#### Executive Summary (aka Grade 3 version)

On a ruler we have marks at whole number positions (and if you know about decimals and other fractions we can also place numbered marks at some – but not all – of the points in between them).

Addition of two numbers gives the length you would reach by putting together two rulers end to end beside a longer one and reading off the mark on the longer ruler, and the same idea of combining lengths gives us something that we could call “addition” even when neither one corresponds to an exact whole (or even fractional) number of units on the ruler.

Eg/Ex for 2+3=5 and for a+b=b+a and a+(b+c)=(a+b)+c

We can also use the idea of adding together a lot of copies to multiply any length by a whole number.

Eg/Ex for 3a, 2a+3a=5a, and 3a+3b=3(a+b)

But what about multiplication of a length by another length?

Next time we’ll discover a way of combining any two lengths that agrees with multiplication when either of them is an exact number of units.

#### Fuller Adult Discussion (aka tl;dr version)

The issues of length measurement are actually shared by any kind of physical measurement.

In the previous Chapter we reviewed how children are introduced to the natural (counting) numbers. These describe the possible amounts of quantities that can be counted (because they consist of collections of discrete objects like pennies or apples or bricks). But not every quantity can be counted in that way. For example we can try to estimate the amount of water in a glass by counting out the number of times water from the glass can fill a one ounce measure, but there may be a partial measure left at the end and even if we keep using tinier and tinier fractions of the initial measure we won’t necessarily get an exact count unless we go all the way down to individual molecules (which isn’t very useful because then the numbers would be so large). Another approach would be to pour the water into a calibrated tube with markings for each cubic centimetre (aka millilitre) and perhaps finer and finer markings for smaller and smaller units, but we would still run into the same problem of not filling up an exact whole number of units at any realistic scale.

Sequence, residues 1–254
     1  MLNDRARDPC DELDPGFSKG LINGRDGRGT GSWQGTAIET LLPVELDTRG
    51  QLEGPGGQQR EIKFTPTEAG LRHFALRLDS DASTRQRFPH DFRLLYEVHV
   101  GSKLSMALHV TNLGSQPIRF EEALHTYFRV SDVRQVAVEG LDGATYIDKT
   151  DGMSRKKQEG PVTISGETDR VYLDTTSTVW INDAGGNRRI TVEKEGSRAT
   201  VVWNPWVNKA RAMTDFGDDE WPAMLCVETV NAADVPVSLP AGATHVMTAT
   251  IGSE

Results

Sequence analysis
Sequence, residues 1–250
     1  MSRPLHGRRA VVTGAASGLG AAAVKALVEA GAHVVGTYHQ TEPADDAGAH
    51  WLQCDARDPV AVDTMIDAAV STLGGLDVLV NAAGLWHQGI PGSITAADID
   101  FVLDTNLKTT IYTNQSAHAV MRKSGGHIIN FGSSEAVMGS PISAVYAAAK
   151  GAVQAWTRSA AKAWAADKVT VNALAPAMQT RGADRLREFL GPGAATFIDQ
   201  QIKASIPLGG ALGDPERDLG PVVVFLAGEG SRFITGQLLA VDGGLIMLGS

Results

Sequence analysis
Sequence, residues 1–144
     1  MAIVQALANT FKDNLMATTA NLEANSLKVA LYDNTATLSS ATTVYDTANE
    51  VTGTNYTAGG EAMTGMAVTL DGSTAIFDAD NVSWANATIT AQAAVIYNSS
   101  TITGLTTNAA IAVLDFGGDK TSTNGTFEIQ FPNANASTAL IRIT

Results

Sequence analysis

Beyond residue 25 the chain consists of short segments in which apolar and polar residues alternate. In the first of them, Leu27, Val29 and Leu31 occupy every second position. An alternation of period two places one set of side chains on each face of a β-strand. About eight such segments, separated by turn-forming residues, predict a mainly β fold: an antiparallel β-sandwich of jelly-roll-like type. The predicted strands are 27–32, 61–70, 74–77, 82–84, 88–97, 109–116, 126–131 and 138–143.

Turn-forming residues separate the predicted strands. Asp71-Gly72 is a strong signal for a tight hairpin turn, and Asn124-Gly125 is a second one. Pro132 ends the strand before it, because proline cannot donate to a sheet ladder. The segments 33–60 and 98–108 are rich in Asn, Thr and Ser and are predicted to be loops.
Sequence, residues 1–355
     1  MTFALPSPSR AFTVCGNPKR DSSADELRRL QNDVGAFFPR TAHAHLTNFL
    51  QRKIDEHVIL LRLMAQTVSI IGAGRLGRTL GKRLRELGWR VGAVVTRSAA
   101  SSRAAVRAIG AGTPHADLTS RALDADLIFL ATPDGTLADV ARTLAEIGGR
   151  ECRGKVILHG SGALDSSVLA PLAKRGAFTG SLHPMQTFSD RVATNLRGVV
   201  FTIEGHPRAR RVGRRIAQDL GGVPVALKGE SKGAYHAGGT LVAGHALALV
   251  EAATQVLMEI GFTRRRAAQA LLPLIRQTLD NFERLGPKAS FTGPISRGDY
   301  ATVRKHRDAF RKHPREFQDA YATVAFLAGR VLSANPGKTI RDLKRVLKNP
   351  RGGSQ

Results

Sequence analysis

In the above example, given the right kind of measuring tube (of constant cross section), the problem of volume measurement becomes equivalent to measuring a length, and in fact almost every physical measurement amounts in the end to determining the position of a level (eg of mercury in a thermometer) or pointer on a scale (eg in an electrical voltage meter) – and each possible amount of the measured quantity then just corresponds to a length on the appropriate scale. So the problem of assigning amounts to physical quantities of any kind can be considered as similar to the case when the quantity of interest is a geometric length.

So let’s talk about comparing lengths of geometric line segments.

Two line segments have the same length if one can be moved to exactly cover the other and if we move two unequal segments both to run in the same direction from the same starting point we can easily see which is greater and which is less than the other. So the set of possible lengths has an ordering relationship much like that of numbers.

If we combine lengths by placing them end to end it seems natural to call that process addition of lengths because it seems rather like combining of sets of objects that corresponds to adding numbers. It also seems to be a geometric fact (often taken as an “axiom” in deductive geometry) that if we put two lengths together in that way, then it doesn’t matter which is put first, and that if we put more than two together then the order doesn’t matter. So the “addition” of lengths satisfies the same “commutative” and “associative” properties that are familiar to us for addition of numbers.

Now if we can make copies of a line segment, then for any counting number *m* we can add up that many copies of any length *a* by placing them end to end, and it seems reasonable to call the resulting length *m* times *a* and to refer to the process as the “multiplication” of a length by a counting number.

Eg/Ex Check that ma+na=(m+n)a and m(a+b)=ma+mb

Eg/Ex Check also that m(na)=(mn)a